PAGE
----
An Upward Descent

Becky Mairi Farrell muses on the high end of bipolar

girl falling down

When I was 13 I went on a walk with some friends. Our route brought us to the top of a steep downward path and we started the walk down. Before long I missed my footing and found myself trotting to keep on my feet. This accomplished, I tried to slow my pace, but the momentum of my downward trot soon had me running. I tried to slow down with increasing desperation because I could see what was about to happen. As I continued down the hill my momentum would outstrip my pace, and then I would really fall. And that’s exactly what happened. No matter what I did I just couldn’t slow down; in fact I was gathering speed. Half way down the hill my feet went from under me and I fell headlong down the path, bounced a bit, and finally came to rest with the breath knocked out of me.

Apart from the initial shock and some impressive bruises, I was fine. Because this was a real hill and it was my body that took the fall. When my mind takes the same journey things tend not to turn out so well.

It’s hard to describe (hypo)mania to someone who hasn’t experienced it. Surely high is good? At first it seems so. It’s like increasing the colour saturation of a photo, making everything more vibrant and engaging. But slide the saturation up too far and what you see is a scarily unreal intensity of colour.

Someone once told me that a high is actually depression in disguise. I haven’t really got my head round that yet. But I do see that as my mood goes up and up, I’m running faster and faster down that hill and the only possible outcome is to fall. It’s just a matter of when, and how much mayhem I manage to create in the meantime.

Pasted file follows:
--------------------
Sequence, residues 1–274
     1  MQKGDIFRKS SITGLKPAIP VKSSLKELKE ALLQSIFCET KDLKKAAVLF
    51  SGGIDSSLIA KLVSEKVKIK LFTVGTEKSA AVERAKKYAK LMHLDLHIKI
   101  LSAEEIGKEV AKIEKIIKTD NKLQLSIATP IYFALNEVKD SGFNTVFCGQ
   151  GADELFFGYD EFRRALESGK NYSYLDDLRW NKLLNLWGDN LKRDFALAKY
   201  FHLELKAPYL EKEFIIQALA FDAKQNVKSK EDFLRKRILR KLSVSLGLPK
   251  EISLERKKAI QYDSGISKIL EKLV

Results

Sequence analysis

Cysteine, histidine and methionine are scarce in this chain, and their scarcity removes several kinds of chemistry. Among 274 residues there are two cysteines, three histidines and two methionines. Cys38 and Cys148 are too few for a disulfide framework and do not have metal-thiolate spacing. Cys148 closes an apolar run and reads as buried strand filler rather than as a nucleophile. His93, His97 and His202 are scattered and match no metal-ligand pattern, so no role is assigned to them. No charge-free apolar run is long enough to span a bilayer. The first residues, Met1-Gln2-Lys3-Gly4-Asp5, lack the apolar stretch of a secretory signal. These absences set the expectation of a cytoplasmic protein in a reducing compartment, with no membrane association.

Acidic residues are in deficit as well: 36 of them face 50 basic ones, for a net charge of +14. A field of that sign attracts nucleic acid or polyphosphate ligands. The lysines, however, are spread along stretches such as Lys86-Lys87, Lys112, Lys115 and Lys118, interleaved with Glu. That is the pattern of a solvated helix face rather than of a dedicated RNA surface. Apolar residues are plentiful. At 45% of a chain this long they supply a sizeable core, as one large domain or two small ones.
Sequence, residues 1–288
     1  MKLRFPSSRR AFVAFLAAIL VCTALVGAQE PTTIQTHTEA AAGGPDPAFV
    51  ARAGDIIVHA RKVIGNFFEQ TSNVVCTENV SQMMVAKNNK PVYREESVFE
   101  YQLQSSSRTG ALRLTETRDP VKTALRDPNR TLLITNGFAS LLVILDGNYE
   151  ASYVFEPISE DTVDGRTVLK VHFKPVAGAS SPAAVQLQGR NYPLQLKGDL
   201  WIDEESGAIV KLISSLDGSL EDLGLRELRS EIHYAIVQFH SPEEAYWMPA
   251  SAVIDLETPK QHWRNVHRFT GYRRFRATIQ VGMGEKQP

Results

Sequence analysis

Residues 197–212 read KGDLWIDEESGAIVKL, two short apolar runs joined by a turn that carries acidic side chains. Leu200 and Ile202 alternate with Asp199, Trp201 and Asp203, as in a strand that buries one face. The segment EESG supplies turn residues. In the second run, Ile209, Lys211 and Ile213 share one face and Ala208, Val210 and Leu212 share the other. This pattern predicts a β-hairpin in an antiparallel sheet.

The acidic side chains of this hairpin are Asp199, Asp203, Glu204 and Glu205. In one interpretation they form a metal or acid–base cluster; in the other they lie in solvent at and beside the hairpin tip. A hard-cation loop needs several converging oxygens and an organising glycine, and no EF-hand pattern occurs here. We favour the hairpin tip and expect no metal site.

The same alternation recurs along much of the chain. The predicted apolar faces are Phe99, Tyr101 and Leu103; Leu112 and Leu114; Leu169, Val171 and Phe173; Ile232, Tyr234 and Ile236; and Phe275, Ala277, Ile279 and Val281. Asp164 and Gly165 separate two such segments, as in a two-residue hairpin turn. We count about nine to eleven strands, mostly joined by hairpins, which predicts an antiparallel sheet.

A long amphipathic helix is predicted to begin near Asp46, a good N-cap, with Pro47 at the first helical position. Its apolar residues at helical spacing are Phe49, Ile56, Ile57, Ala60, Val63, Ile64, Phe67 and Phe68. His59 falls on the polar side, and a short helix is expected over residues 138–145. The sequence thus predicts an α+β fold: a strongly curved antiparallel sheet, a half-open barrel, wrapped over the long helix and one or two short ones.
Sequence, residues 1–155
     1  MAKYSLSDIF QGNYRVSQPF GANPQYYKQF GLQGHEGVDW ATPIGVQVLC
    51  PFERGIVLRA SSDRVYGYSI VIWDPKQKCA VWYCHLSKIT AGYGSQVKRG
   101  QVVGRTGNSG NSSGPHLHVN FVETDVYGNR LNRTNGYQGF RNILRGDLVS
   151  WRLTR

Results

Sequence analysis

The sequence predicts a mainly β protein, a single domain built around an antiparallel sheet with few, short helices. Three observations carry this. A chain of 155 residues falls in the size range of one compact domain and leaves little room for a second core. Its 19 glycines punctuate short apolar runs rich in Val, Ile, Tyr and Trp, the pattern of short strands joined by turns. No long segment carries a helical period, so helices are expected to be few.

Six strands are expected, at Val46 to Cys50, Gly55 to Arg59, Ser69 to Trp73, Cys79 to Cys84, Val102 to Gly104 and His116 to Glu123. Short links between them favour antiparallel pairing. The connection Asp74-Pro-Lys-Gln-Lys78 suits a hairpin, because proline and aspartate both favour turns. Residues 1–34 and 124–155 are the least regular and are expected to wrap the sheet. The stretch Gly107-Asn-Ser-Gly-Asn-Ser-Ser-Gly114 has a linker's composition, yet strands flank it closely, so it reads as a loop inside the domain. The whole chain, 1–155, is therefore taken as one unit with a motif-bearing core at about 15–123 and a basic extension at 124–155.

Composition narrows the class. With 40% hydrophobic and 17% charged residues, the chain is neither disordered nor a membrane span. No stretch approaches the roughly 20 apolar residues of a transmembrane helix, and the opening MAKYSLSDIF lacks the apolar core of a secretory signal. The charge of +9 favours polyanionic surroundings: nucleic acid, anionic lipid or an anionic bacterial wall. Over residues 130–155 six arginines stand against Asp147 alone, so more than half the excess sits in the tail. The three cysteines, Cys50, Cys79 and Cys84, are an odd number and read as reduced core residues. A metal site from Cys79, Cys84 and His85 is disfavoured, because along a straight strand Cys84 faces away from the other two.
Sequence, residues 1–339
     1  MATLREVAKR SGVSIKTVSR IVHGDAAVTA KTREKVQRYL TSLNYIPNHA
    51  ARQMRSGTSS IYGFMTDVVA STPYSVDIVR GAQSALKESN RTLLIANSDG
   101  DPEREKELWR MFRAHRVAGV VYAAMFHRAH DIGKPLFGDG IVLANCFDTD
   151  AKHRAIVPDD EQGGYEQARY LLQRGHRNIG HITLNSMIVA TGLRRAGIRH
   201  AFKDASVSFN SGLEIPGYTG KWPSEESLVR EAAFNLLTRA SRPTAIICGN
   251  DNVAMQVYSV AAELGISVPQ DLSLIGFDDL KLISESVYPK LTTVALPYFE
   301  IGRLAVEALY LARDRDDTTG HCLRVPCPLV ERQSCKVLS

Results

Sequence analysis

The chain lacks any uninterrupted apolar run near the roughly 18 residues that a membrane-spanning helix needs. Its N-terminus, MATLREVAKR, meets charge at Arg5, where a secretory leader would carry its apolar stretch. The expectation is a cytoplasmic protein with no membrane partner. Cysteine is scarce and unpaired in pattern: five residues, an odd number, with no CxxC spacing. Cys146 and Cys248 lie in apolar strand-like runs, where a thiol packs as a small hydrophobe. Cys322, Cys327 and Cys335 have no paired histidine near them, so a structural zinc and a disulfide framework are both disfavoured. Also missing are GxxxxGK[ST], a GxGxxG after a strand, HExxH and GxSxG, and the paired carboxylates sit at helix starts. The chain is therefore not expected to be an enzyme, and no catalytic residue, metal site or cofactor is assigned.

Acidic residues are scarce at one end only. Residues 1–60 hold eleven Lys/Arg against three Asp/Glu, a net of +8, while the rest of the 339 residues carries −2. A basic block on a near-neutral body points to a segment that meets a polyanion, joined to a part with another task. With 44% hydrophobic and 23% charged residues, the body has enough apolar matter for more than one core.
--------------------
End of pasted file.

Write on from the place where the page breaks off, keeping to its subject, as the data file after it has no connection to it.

Because I do try to slow the pace. I know as soon as I recognise the early warning signs exactly where this is going. But there’s something so compelling about the momentum of it that I just can’t make it stop. And, initially at least, I find myself running in the opposite direction of anyone or anything that might slow me down.

Like standing at the top of a hill, the first part is amazing. Such a clear and beautiful view, perceiving things that are just not visible at ground level. The world is big and expansive and there I stand at the top, above everything that surrounds me. But as I embark on this upward descent the tipping point comes sooner than you can imagine. And then I’m really running, exhilarated but terrified, leaving a trail of chaos In my wake.

They say what goes up must come down, and it applies as much to mood as it does to wallpaper. Because once I’m enmeshed in that headlong run, the only possible outcome is falling. And falling downhill is no fun at all. You zip past horizontal to land sprawled in a heap somewhere near the bottom.

I don’t know what the answer is. I’ve not yet found a well paved, level path to walk. All I can hope is that, when I first miss my footing, there’s someone there to reach out a hand to catch me.

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